Much as he enjoyed that role, he couldn’t resist applying when another position came up, much closer to home, at Southfield Lodge, in Crook, and he’s been based there since October 2021.

He works 18.5 hours a week, with various shifts planned around a six-week rota. His duties are focused on helping people who live in their own apartments within the facility. They include personal care, making meals, medication support, helping residents with showering and going to the toilet, as well as getting in and out of chairs and up the stairs.

“It gives me so much job satisfaction. I love being part of a team of care workers who all want to do their best for those in their care,” he says.

“There’s nothing better than seeing smiles on the residents’ faces because they appreciate what you’ve done.”

On top of his daily tasks,  Owen enjoys spending time and chatting with residents.

“They may not have family of their own, and it gives you a nice warm feeling inside to know you’ve made their day.”

Owen is quick to acknowledge the importance of the Care Academy in proving to be “the best route into the care sector”.

“The Care Academy was critical in getting me started. Communication is one of their key strengths, always keeping in touch and checking how things are going,” he says.

“Contacting the Care Academy was one of the best decisions I’ve made in my life because it was the right direction for me at this time of my life, and I just want to keep doing what I’m doing.

“I’d recommend it to anyone considering a career change, and I’d be happy to talk to anyone thinking about it.”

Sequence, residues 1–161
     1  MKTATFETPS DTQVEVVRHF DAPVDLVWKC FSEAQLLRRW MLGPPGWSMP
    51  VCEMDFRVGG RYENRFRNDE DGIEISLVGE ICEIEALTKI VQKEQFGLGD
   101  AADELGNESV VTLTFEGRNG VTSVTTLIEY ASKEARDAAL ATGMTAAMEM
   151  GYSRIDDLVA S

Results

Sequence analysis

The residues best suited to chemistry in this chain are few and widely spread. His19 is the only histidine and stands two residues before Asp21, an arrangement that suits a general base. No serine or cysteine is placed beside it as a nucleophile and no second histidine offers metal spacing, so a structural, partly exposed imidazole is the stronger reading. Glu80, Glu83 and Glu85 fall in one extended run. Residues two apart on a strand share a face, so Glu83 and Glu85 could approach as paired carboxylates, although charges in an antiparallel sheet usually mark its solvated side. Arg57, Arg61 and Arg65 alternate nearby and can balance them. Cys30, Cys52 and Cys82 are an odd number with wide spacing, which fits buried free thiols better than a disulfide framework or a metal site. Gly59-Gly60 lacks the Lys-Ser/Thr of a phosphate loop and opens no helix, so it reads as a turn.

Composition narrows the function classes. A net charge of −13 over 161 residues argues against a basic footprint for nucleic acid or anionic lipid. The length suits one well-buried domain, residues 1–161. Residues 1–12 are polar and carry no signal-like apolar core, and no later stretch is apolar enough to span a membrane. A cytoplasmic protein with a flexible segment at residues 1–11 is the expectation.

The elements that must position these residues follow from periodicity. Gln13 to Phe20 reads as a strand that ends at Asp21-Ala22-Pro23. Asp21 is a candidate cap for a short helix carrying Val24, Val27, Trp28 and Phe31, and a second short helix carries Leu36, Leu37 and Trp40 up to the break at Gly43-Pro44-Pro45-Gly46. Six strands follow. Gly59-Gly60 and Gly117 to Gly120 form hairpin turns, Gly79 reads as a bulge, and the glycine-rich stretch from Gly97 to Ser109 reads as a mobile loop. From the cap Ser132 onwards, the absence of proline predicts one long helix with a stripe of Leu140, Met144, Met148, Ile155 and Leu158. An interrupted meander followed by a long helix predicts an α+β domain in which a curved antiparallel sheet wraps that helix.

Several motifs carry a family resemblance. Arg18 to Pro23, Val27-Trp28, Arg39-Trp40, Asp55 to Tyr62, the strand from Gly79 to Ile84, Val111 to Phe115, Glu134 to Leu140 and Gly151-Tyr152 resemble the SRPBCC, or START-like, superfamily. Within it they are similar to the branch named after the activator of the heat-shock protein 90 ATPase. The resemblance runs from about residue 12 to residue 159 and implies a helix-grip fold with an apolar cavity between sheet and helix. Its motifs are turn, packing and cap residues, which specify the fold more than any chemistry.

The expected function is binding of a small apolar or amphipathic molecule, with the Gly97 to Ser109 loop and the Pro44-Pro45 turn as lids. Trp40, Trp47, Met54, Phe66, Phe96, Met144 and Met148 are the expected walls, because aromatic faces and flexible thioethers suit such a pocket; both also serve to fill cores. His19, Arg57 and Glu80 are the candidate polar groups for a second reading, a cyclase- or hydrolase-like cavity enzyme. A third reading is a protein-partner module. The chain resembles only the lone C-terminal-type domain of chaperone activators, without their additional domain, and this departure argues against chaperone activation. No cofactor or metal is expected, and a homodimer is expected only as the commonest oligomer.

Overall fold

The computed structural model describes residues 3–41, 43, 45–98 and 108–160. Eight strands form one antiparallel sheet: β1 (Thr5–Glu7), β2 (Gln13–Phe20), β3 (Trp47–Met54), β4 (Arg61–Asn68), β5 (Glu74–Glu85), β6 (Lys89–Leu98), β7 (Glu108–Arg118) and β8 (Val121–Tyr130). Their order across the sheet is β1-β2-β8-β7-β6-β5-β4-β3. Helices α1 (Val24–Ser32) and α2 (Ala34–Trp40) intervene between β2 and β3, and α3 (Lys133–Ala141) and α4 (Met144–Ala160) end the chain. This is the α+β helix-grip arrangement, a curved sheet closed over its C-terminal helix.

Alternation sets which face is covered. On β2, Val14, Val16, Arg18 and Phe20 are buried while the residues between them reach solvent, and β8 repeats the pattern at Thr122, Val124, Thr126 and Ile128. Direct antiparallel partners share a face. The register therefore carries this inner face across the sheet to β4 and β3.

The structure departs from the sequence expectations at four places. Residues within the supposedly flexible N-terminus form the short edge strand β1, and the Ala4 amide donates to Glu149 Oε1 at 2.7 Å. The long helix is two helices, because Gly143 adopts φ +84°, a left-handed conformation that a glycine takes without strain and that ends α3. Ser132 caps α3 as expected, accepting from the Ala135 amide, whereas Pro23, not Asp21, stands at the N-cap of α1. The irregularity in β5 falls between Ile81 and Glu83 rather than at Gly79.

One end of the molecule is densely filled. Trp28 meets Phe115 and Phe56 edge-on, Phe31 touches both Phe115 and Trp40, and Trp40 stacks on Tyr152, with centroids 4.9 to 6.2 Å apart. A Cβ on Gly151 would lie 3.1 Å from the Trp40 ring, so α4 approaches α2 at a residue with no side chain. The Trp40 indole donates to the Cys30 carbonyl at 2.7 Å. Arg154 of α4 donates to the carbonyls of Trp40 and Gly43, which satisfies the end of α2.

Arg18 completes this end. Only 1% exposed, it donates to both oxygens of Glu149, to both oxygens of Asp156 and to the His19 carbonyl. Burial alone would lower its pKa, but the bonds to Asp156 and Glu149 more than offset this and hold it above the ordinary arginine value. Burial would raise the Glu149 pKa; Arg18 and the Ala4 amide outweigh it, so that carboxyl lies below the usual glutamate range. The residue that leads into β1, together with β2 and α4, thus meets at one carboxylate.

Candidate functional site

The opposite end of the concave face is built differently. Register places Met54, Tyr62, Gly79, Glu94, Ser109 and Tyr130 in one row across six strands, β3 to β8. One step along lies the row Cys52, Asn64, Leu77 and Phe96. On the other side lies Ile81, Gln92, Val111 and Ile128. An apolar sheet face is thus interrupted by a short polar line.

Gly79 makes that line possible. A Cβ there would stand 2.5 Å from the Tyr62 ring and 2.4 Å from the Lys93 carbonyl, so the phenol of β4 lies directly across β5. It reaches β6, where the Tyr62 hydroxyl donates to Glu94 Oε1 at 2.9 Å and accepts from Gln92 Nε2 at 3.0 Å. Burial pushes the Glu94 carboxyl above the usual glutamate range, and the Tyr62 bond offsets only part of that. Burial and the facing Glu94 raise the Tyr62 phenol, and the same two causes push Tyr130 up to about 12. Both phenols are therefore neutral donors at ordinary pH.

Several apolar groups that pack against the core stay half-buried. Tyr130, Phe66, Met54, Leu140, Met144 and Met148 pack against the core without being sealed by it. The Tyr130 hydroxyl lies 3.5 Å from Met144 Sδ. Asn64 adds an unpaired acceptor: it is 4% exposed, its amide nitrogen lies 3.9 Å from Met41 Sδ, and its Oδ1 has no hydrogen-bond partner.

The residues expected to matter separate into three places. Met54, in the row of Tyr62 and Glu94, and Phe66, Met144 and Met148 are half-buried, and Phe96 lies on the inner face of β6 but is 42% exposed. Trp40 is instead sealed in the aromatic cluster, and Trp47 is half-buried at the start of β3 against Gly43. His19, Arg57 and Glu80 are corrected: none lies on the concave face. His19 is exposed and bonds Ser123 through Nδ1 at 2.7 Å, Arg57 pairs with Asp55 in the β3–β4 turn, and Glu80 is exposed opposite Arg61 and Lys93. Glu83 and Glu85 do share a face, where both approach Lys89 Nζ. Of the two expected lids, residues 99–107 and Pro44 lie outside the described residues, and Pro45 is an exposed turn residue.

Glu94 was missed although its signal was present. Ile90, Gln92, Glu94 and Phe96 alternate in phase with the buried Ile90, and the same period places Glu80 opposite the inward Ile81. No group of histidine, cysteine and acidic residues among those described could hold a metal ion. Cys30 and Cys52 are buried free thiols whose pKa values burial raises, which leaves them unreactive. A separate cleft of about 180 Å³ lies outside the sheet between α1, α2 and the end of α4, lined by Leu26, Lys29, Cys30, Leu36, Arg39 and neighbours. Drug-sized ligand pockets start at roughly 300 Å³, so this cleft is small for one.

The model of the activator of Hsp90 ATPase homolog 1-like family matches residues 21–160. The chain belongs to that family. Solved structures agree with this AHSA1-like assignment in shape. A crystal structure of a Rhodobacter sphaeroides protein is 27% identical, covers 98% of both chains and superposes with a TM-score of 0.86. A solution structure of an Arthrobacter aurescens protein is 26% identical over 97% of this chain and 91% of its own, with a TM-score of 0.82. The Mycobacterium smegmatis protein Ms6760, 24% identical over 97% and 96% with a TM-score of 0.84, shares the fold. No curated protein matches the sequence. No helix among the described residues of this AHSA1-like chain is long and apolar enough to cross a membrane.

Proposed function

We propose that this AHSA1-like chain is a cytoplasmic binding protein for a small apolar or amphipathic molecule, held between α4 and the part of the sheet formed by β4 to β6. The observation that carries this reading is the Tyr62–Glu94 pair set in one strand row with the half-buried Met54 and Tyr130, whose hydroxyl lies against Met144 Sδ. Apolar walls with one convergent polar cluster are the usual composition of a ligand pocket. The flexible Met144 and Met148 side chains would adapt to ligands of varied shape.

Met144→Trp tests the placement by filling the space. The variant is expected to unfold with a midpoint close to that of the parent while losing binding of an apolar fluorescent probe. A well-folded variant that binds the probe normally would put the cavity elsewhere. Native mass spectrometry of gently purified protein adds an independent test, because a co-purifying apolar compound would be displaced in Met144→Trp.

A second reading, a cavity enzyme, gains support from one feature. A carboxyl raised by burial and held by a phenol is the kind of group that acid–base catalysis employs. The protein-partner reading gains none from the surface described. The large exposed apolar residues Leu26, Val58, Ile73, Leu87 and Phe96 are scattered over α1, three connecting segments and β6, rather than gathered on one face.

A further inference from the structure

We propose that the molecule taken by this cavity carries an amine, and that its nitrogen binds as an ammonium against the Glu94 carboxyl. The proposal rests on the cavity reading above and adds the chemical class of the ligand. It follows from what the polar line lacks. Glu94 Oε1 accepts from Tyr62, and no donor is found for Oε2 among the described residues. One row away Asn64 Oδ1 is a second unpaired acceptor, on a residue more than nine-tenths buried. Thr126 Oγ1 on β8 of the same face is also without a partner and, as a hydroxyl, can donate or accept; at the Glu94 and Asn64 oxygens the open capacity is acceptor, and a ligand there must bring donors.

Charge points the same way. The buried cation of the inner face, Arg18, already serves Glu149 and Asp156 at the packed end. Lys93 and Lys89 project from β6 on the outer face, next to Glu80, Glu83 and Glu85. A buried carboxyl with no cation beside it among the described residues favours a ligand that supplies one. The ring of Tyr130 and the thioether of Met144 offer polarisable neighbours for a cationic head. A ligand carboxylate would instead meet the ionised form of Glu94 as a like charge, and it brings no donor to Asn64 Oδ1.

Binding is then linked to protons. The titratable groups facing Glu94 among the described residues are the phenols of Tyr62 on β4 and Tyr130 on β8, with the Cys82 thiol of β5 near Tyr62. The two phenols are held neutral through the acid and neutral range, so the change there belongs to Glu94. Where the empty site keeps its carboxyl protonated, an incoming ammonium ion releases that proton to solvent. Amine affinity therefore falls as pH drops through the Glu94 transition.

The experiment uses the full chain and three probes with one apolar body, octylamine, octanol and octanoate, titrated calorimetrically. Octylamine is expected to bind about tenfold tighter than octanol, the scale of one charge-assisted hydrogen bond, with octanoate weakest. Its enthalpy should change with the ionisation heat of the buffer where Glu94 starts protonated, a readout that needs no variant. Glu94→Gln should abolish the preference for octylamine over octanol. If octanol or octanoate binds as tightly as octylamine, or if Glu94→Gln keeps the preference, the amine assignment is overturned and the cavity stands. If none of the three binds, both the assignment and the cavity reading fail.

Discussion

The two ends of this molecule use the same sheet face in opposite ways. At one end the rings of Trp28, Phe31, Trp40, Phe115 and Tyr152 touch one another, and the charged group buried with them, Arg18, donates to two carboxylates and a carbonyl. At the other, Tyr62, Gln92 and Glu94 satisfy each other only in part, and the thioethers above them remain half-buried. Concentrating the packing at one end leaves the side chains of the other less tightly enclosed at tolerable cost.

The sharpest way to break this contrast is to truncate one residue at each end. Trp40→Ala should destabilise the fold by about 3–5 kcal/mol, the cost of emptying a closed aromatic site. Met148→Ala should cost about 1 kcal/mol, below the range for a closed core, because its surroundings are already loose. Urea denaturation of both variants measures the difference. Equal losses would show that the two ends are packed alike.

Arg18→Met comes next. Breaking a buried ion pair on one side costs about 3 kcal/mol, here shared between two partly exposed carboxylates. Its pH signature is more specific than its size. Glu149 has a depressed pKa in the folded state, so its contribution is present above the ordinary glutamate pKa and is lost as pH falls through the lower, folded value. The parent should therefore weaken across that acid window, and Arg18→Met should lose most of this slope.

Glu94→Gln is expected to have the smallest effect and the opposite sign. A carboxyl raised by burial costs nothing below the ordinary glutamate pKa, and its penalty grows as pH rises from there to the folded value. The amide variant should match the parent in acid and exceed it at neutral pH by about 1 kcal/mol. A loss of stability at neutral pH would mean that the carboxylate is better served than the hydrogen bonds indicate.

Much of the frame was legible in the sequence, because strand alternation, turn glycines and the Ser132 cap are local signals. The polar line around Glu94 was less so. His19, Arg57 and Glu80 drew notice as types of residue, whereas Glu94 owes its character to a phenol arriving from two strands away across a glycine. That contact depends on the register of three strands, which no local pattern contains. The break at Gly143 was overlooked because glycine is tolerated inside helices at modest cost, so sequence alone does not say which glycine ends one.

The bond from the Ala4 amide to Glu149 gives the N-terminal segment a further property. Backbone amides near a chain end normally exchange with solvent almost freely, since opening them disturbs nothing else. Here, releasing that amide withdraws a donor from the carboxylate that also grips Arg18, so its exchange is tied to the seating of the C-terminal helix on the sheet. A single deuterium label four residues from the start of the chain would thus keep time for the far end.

With the Care Academy’s help Owen has now taken his Level 2 diploma to broaden his skillset and is awaiting the results.

In the meantime, he’s dusted off his Elvis and Shaky costumes, after a ten-year gap, and has been performing shows to mark the 20th anniversary of the Extra Care schemes in County Durham. 

Durham County Council runs seven Extra Care facilities across the county consisting of self-contained apartments with shared lounges and gardens, hair and beauty salons and the option of extra on-site care services when they’re needed.

  • Find out how you could start your amazing career in care with the County Durham Care Academy. There’s free training and one-on-one support to help you make the switch to a fulfilling career in the care sector you can be passionate about – like Owen. Visit www.durham.gov.uk/careacademyrecruitment

Cllr Chris Hood, Durham County Council’s Cabinet member for adult and health services, said: “It’s great to hear of yet another success story from our Care Academy. It was a case of ‘it’s now or never’ when Owen contacted the academy team, but with our staff’s advice he has been able to work towards his diploma and ultimately find jobs.

“Owen clearly gets on a treat with residents and his Elvis performances have them ‘all shook up’ from what I’ve heard.

“I’d encourage anyone who’s inspired by Owen’s story and might be interested in a job in care to contact the Care Academy team.”

The Northern Echo:

Owen was initially persuaded to stage a comeback for a one-off show at Sycamore Lodge, in Spennymoor, but more shows followed. He also had a performance booked at Southfield Lodge on May 8 – his mum’s birthday.

“My favourite song to perform is probably My Way, and Suspicious Minds is another because it gets them going,” he says.

To add to the entertainment he performs with a comical pig mascot, naturally named Elvis, who wears a jumpsuit and dark glasses while singing Hound Dog!

“When I joined the care sector I never thought I’d be back to performing as Elvis and Shaky again, but it’s another way of making the residents happy – and that’s what being a care worker is all about,” he ended.